Cosponsor H.R. 510, the BRACE Act

As the freight rail industry has evolved, many short line railroads and smaller communities have been abandoned, removing critical first- and last-mile links between producers, consumers, and export opportunities in large and small communities across America.
Since it was first enacted in 2005, the Short Line Railroad Maintenance Credit has been extended for one- or two-year increments, providing limited certainty for short line railroads to make investments in their infrastructure. Our legislation provides
certainty by making the Short Line Railroad Maintenance Credit permanent while also applying it retroactively to tax year 2018.

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Cosponsor H.R. 1450, the Do No Harm Act

When Congress passed the Religious Freedom Restoration Act (RFRA) in 1993 with overwhelming bipartisan support, the intent was not to undermine civil rights, but to protect them, especially
for religious minorities.  Religion is a protected class under the Civil Rights Act, and the freedom to exercise religious beliefs is constitutionally protected as a fundamental American value.

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Keep Politics Out of Medical Research!

We write to invite you to join us in sending a letter to Health and Human Services Secretary Azar opposing their recently announced decision to immediately end all National Institutes of Health (NIH) fetal tissue research and creating new arbitrary barriers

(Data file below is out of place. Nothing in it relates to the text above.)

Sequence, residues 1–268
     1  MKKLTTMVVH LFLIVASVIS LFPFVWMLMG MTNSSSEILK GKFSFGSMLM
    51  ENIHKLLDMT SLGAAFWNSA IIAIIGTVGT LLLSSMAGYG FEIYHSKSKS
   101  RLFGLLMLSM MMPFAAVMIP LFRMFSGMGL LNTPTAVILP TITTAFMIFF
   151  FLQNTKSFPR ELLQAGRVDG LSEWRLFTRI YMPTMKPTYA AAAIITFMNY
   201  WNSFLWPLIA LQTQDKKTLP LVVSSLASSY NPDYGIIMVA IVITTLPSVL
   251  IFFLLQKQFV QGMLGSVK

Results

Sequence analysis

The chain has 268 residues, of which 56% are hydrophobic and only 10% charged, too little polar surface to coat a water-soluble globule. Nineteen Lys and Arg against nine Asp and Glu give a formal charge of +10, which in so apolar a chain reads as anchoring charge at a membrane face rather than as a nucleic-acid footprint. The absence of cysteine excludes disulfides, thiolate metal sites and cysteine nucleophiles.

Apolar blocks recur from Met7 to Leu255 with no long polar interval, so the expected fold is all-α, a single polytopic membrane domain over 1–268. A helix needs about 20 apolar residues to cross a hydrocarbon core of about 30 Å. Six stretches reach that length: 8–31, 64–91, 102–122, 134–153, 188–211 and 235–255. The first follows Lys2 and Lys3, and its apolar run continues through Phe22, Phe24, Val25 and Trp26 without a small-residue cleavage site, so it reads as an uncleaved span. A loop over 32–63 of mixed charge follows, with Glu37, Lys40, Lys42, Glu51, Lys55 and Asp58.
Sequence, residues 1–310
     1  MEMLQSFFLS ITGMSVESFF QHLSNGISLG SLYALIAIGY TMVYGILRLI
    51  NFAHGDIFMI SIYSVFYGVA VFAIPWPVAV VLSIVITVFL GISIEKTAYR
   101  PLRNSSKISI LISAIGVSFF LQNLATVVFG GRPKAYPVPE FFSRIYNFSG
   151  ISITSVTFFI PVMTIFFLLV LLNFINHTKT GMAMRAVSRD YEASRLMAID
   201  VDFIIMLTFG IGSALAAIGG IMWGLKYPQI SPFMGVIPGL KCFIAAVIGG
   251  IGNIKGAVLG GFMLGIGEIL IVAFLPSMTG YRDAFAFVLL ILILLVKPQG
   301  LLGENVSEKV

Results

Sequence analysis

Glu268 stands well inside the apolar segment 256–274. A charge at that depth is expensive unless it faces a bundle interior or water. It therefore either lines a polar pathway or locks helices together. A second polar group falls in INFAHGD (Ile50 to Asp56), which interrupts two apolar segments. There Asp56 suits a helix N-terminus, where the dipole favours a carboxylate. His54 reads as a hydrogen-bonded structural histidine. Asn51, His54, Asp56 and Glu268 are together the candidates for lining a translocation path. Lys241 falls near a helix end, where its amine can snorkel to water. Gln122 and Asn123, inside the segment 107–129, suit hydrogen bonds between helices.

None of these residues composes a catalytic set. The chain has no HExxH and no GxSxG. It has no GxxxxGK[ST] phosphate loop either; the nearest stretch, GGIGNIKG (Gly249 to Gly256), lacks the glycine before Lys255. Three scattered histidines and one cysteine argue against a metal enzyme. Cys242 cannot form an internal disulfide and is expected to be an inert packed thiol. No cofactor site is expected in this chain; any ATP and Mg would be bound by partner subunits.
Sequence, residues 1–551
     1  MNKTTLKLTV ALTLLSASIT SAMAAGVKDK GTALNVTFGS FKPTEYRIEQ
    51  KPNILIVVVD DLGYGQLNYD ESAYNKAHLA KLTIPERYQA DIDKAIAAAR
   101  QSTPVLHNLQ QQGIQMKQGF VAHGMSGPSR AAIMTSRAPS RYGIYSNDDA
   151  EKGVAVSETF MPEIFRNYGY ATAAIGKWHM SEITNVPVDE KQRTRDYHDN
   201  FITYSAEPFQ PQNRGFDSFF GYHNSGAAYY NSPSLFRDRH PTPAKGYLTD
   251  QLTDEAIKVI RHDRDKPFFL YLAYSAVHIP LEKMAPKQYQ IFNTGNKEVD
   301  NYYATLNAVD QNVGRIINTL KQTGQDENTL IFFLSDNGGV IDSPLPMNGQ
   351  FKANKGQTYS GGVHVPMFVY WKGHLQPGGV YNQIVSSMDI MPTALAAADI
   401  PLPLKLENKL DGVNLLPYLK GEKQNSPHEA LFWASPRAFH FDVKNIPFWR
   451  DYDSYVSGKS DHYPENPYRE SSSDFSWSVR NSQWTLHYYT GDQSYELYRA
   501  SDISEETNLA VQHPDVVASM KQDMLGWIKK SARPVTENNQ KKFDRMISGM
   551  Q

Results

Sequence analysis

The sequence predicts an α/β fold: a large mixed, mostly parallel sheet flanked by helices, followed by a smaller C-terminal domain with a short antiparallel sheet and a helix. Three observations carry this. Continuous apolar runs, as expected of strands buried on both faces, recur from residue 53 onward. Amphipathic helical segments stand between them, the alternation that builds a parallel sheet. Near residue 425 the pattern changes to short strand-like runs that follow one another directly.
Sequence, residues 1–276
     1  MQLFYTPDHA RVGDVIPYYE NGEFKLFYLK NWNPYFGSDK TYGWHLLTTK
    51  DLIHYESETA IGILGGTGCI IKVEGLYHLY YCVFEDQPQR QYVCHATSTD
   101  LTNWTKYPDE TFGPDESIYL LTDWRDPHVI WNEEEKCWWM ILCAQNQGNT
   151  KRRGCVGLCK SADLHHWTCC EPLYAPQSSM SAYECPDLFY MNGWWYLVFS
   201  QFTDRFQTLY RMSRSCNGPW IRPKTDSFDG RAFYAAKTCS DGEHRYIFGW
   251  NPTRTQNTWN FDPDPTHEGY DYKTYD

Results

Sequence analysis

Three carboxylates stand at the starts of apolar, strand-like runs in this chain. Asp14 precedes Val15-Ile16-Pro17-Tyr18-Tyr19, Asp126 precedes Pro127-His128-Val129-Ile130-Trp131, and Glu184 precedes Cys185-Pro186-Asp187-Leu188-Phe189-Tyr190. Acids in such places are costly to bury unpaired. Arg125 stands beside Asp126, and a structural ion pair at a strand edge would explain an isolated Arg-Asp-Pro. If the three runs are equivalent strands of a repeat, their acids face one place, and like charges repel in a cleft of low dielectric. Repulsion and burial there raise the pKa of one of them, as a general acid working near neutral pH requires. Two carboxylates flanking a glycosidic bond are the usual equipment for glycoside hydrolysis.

to future NIH grants for this critical research.  This limitation will obstruct critical and life-saving research that is necessary for the development of critical and life-saving treatments for diseases that impact millions of patients, including HIV, Alzheimer’s
disease, eye disease, infant mortality and birth defects.

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COSPONSOR H.R. 2825, the Historic Tax Credit Growth and Opportunity (HTC-GO) Act of 2019

Please join us as a cosponsor of H.R. 2825, the Historic Tax Credit Growth and Opportunity (HTC-GO) Act of 2019. This legislation builds off of the success of the Historic Tax Credit by making improvements to increase the value and attractiveness of the
credit for smaller rehabilitation projects. These changes represent long overdue updates to the HTC that will make it more accessible, affordable, and efficient for projects of all sizes by:

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